The long wall further south from the Southern Bluffs and buttresses visible from the TASC Lodge. As a result of lava flows cooling on contact with ice, the crag has horizontal columns and blocks in the steep orange rock of the Fire and Ice area. Explored extensively during the NZAC Summer Camp at TASC January 2015 by the Garrity family and others. Offers full-pitch, moderate trad routes at either end of the crag on blocky ground, and a couple of bolted lines in the middle. With scope for more routes with some appealing lines on the steeper, smooth orange rock, this crag promises to be a nice lower-grade complement to the Wall of Sound. Boulders on top allow anchors to be built back from the edge (long slings or old ropes) but be aware of kicking scree and rocks on those below.
Access: From the TASC Lodge, walk around the base of the Southern Bluffs.
These cliffs, unsurprisingly, are to the south of the car park, towards the Whangaehu valley.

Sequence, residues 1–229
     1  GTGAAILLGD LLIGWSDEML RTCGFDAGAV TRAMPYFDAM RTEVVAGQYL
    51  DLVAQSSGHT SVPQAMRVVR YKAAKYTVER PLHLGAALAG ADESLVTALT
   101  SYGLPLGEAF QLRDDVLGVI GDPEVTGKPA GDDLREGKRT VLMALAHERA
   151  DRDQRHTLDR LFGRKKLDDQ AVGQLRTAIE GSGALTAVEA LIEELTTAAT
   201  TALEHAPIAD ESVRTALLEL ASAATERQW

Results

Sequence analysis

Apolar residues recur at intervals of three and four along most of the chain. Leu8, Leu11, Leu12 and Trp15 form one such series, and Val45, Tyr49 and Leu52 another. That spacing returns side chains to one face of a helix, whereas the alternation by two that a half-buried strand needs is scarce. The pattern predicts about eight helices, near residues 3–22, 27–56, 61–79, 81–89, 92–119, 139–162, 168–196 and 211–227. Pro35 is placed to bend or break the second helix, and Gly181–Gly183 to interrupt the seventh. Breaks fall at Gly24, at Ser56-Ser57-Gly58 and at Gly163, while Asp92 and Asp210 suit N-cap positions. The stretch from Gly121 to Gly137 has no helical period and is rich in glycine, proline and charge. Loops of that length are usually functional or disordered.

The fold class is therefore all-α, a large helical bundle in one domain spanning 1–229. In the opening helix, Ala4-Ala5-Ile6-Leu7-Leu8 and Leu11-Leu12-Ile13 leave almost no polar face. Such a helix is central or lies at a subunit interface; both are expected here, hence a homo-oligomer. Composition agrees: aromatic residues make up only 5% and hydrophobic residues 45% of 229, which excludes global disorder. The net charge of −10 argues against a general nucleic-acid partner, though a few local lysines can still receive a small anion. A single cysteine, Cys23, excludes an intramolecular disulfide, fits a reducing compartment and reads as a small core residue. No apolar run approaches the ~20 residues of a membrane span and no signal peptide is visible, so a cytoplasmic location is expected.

Obvious looking cliff with buttress pillars direct view from TASC Lodge lounge window
Access: walk along the final bit of ski field vehicle access track then head of south west direction obvious cliff infront of you
The crag can be clearly seen from the end of the Tukino ski field road. The routes are to each side of the waterfall, described left to right.
Childs Buttress is the First buttress in the DA Outcrop
Access: 10 min walk from lodges in a north easterly direction dropping down into the stream from the waterfall crag.
Located on a small sheltered plateau on a terrace north of Dimril Stair. The crag as the name implies is small, but visitors will be rewarded with high quality compact rock. The crag has a easy walk off with excellent bollards on top for anchors
Access: from Dimril stairs skirt and climb around the bluffs to the right (climbers)
Above the large prominent waterfall near the upper ski tow. Routes developed during the NZAC Summer Climbing Camp 2015.
Access: From TASC Lodge, scramble up to ski field upper tow shed buliding and siddle to the waterfall (10-15 mins.)
This is a series of crags with a SE aspect above ant tot he north or the Aorangi ski tow area. It has a number of buttresses and small roofs. The rock is variable with layered fractured sections. Some good hunting (and maybe some cleaning) will reveal a number of routes. Eric Duggan and Iain Burgon did 4 routes in this area in April 2015